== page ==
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By Chris Gore | April 28, 2000

The story for “The Flintstones in Viva Rock Vegas” has about as much complexity as any of the classic 60s Hanna-Barbera animated episodes. The problem is that it’s hard to sustain a 22-minute cartoon plot over a 91-minute feature, but the filmmakers give it their best shot.
Fred Flintstone (“The Full Monty”‘s Mark Addy) and Barney Rubble (played by “The Usual Suspects'” star and king of bad direct-to-video fare, Stephen Baldwin) are new graduates of the Bronto Crane Academy. The two roommates are living in a stoneage version of a trailer park, but find they are missing something. Fred and Barney are visited by the Great Gazoo, the pointy-nosed tiny green martian who is sent to observe human mating rituals. The tiny Gazoo (played by British comedian/actor Alan C*****g) prompts the two Neanderthals to seek female companionship. We also meet Wilma Slaghoople (Third Rock from the Sun’s Kristen Johnson) who was born with a silver spoon in her mouth. Wilma just wants to get away from her snooty and domineering mother who is played by the still sultry Joan Collins. Wilma meets up with Betty O’Shale (played by Ally McBeal’s Jane Krakowski) who works at the malt shop as a waitress. The two quickly become friends and meet up with lunkheads Fred and Barney. After a successful double date, the couples are mad about each other, but Wilma has kept her rich relatives a secret from her new friends. When Wilma invites Fred, Barney and Betty over to her mansion, the three stand out painfully among Bedrock’s high society folk. Fred wants to give Wilma a ring but finds it far too small to ever impress anyone of her stature. After a cool reception at the mansion, the foursome is invited to stay at a hotel in Rock Vegas by Wilma’s conniving ex-boyfriend Chip Rockefeller. Chip (Thomas Gibson) has other plans – he’s going to break up Fred and Wilma if it’s the last thing he ever does! Mwa-ha-ha-ha-ha! Prehistoric puns, along with hilarity, ensues.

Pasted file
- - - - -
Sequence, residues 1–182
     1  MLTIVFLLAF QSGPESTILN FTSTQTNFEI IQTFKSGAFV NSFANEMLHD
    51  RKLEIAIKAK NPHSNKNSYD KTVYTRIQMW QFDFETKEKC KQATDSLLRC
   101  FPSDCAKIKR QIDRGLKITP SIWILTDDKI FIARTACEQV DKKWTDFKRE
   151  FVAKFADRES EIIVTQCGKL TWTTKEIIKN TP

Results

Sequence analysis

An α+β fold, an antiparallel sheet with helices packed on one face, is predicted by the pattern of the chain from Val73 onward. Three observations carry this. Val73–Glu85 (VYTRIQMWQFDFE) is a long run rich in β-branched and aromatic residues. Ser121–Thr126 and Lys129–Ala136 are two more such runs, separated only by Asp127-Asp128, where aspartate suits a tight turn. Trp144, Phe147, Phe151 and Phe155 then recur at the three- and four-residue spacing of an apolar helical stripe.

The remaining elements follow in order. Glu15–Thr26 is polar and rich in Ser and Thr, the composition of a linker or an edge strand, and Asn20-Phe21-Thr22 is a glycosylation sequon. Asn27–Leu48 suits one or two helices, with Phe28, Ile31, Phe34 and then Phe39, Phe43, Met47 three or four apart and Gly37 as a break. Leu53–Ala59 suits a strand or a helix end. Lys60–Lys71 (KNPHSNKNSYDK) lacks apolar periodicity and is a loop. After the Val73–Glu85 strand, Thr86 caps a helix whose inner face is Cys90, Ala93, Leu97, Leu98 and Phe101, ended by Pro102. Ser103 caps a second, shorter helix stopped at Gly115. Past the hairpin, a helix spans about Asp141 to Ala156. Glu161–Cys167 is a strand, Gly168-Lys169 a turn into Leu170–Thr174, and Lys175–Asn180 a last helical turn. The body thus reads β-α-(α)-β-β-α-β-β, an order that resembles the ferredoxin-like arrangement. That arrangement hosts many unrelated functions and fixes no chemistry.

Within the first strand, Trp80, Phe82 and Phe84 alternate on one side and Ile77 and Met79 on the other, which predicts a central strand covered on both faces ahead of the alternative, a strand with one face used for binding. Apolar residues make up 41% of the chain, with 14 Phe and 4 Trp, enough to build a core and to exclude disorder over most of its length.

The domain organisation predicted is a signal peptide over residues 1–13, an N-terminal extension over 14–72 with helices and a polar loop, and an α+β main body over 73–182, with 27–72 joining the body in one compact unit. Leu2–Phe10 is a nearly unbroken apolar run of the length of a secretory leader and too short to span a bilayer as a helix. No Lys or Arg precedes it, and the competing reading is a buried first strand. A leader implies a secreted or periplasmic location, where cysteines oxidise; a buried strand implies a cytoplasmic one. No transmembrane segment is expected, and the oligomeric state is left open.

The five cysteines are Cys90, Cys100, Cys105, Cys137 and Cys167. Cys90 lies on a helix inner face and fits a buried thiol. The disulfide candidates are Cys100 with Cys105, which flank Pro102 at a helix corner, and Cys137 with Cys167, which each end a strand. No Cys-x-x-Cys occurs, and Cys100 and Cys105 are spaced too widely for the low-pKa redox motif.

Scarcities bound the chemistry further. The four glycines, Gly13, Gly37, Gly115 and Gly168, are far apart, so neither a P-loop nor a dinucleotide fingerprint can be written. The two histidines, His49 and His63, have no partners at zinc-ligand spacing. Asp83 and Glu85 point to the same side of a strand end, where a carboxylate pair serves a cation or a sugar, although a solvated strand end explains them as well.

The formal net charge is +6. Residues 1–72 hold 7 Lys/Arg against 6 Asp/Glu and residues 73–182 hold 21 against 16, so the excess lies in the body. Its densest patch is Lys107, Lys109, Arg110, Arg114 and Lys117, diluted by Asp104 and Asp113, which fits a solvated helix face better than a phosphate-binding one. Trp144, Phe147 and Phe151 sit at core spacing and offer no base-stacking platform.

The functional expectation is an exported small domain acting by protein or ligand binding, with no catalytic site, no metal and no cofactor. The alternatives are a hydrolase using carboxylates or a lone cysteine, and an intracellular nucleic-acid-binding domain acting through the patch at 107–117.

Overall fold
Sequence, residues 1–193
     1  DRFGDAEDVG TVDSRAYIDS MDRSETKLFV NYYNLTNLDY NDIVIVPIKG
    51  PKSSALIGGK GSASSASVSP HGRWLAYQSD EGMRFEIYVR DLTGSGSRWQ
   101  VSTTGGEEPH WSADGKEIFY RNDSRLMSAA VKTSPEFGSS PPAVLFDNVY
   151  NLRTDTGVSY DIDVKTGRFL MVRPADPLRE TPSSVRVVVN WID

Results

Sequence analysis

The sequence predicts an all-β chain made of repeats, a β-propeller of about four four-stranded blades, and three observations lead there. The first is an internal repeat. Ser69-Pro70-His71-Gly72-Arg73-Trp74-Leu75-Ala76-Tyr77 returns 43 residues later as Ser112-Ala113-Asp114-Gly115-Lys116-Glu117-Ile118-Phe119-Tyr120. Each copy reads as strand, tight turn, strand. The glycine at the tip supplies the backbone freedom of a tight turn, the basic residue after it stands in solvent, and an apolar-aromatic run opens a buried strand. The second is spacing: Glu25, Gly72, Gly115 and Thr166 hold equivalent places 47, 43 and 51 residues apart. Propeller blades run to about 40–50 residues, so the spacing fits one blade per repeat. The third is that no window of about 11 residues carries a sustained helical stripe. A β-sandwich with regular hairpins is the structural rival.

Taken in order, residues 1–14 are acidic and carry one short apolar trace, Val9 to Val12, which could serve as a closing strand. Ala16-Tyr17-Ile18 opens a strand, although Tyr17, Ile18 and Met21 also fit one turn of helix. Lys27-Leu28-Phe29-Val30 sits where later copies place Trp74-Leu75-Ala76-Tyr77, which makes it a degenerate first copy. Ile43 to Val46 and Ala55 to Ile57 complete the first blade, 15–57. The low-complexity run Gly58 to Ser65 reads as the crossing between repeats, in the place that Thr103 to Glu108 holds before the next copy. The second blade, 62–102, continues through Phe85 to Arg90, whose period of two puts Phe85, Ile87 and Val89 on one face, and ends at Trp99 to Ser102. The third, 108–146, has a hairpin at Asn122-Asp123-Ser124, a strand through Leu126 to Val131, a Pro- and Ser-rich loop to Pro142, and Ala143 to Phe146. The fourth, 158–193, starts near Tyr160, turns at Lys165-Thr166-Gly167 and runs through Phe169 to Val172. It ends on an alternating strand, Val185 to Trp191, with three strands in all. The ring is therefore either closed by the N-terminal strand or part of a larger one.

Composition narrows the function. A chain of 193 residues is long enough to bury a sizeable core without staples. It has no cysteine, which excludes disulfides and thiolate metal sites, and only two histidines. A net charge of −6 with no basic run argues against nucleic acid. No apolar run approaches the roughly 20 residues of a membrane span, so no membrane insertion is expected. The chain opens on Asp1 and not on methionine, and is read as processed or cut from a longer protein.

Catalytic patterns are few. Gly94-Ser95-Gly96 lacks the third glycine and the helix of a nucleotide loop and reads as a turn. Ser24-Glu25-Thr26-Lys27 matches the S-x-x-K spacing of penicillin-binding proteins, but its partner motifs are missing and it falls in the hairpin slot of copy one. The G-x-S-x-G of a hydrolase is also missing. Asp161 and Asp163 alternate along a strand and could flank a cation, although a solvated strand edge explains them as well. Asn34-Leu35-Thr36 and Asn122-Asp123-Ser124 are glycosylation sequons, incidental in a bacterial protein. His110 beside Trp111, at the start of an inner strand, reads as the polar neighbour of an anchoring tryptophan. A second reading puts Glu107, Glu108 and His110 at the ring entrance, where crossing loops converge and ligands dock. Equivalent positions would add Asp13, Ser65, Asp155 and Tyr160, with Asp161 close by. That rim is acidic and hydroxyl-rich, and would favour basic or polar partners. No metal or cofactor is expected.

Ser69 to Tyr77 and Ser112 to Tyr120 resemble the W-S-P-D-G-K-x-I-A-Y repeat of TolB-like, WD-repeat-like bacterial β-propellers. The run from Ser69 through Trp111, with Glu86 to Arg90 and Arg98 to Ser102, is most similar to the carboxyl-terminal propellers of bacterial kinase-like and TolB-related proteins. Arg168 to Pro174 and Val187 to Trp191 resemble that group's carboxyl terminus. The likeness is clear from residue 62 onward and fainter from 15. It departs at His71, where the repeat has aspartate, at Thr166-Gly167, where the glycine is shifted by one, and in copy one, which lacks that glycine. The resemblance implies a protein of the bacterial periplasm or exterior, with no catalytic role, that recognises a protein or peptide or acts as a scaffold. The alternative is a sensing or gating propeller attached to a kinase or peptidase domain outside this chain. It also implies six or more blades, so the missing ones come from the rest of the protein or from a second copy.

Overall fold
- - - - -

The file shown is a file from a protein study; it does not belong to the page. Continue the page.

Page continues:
This origin tale is cute, we meet baby dino and we even find out how Wilma got her gaudy pearl necklace, but the plot gets as old as a dinosaur turd pretty darn quick. That’s not to say that the film is a total disaster. In fact, much of it is actually kind of fun. When I say “fun”, I mean the kind of fun that still makes me laugh when I hear myself fart. The kind of low-brow fun that is simple and innocent.
Sure, we can argue about the weak story, but here’s a list of some of the upsides for this second Flintstone outing:
1) The cast. John Goodman and Rick Moranis were okay in the first film. The casting of Rosie O’Donnel as Betty could not have been more wrong. These stars are not missed. This new foursome of actors actually seems to work harder at making you believe they are the human incarnations of the cartoon characters. Stephen Baldwin has Barney’s “Heh-huh” laugh down perfect — it’s as if he were born to play the boneheaded Rubble. Mark Addy has Fred’s mannerisms and voice inflection down cold. Kristen Johnson is an innocent goofball as Wilma but it’s Betty’s blue dress that turns up the heat. Jane Krakowski as Betty is just plain hot. Wow, Betty is hot! Man, I’d give her Wilma’s pearl necklace if I could.
2) The effects. There are about five times as many digital effects shots and they’re refreshingly clever. From dinosaur highways, to pteradactyl airlines, to television remotes powered by flying birds, there’s a lot of eye candy to chew on when the plot becomes a bore. And the digital effects used to create the Great Gazoo are just plain odd-looking. Imagine this teeny-tiny cartoon body with a large head — it’s effective and funny which helps a lot since the green guy doesn’t say one humorous thing in the whole movie.
3) Did I mention that Betty is hot?
If you’re expecting an Empire-Strikes-Back-like improvement over the original, don’t waste your time. But if these reasons make you want to see the Flintstone sequel, you won’t be disappointed. Ultimately, this new Flintstone film is not a total disappointment and its eye-popping special effects and gimmickry will go a long way toward entertaining anyone under the age of ten. So, in a way, this stone-age film makes a great 21st century babysitter.

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